This was in the mid-Eighties when Ray resolved to make a television series, ‘Satyajit Ray Presents’, for Doordarshan based on the adventure stories of Feluda. He wanted to cast Amitabh Bachchan in the lead role. Preliminary talks were held with Bachchan. Ray planned to launch the series with ‘Kissa Kathmandu Ka,’ based on his original story in Bengali titled, ‘Jato Kando Kathmandute,’ and this required the entire unit to fly to Nepal and shoot at various spots for a long period of time. But logistics didn't match since Bachchan, who was at the helm of his career at that time was very busy with other commitments and had to refuse his dear ‘Manik-Da’s’ offer. Ray’s plan to project Bachchan as Feluda eluded his fans. The role later went to Shashi Kapoor and Bachchan's association with the legendary filmmaker remained confined to only lending his baritone to the 1977 masterpiece, 'Shatranj Ke Khiladi’.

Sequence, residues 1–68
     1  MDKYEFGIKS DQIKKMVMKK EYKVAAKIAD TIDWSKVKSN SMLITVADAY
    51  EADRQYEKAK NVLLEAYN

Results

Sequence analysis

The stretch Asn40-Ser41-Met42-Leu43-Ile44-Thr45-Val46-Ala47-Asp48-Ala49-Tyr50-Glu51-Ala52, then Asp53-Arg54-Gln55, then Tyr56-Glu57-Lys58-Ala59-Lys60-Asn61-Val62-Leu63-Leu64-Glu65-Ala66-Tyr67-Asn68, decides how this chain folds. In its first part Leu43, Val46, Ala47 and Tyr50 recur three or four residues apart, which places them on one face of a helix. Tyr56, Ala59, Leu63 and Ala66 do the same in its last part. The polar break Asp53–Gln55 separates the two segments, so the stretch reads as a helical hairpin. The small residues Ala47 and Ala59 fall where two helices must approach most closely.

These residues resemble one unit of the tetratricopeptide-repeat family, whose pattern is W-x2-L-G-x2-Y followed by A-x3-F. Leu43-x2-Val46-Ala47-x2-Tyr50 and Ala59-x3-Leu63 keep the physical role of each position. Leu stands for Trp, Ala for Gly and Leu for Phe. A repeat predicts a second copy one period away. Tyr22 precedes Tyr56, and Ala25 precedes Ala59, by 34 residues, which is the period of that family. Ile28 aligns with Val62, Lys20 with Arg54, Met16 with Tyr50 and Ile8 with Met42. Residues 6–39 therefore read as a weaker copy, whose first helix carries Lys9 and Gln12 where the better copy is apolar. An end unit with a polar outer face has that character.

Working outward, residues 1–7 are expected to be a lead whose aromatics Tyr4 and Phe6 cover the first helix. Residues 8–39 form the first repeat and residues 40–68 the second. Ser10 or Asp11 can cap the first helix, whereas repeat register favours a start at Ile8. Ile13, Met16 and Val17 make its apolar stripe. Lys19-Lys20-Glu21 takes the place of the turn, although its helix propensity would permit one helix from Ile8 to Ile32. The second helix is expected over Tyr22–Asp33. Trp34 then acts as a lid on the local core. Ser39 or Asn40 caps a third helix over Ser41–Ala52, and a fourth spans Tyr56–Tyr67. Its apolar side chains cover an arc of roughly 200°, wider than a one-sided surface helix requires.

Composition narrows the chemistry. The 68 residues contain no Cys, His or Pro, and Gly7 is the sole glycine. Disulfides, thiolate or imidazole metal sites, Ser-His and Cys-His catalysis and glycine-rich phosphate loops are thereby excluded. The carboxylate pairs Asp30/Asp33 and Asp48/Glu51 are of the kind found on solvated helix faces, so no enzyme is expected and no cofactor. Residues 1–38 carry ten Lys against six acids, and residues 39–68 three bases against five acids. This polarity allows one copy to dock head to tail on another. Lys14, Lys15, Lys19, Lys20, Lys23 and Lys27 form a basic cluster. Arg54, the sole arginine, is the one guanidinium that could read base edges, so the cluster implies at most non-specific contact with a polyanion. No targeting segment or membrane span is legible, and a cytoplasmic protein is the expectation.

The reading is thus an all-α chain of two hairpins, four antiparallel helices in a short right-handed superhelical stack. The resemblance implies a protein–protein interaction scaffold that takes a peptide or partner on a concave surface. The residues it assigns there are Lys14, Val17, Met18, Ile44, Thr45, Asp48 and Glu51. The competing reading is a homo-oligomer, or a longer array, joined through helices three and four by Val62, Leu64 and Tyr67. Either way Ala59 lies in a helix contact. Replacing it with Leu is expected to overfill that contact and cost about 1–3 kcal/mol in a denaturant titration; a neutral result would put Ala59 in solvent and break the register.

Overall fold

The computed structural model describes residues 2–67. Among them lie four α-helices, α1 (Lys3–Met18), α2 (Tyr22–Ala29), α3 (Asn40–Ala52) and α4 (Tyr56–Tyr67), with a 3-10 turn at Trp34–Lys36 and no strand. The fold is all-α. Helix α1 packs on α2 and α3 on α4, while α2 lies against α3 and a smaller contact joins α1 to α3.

Similarly, megastar Uttam Kumar had also declined to act in a film directed by Ray. He had approached Uttam Kumar for the film 'Ghare Baare'. In 1956, Ray was taken ill and was forced to stay confined to bed. He utilized this period to finalize plans to direct ‘Ghore Baire,’ based on Rabindranath Tagore’s novel. He wrote the screenplay where he envisioned Uttam Kumar in the role of Sandeep. However, the project was stalled. Ray tried to revive it a number of times but every time it was hampered. Finally, the film was made and released in 1984 with Victor Banerjee as Nikhilesh and Soumitra Chatterjee as role of Sandeep. Uttam Kumar did two films under Ray’s direction, ‘Nayak’ and ‘Chiriyakhana’ and both were very well received by the audience. ‘Nayak’ won several awards including the UNICRIT Award at the Berlin International Film Festival in 1966, the Silver Lotus Award for Best Screenplay at the National Film Awards, India in 1967 and Bengal Film Journalists’ Awards for Best Actor (Uttam Kumar), Best Director, Best Screenplay, Best Dialogue (all went to Ray).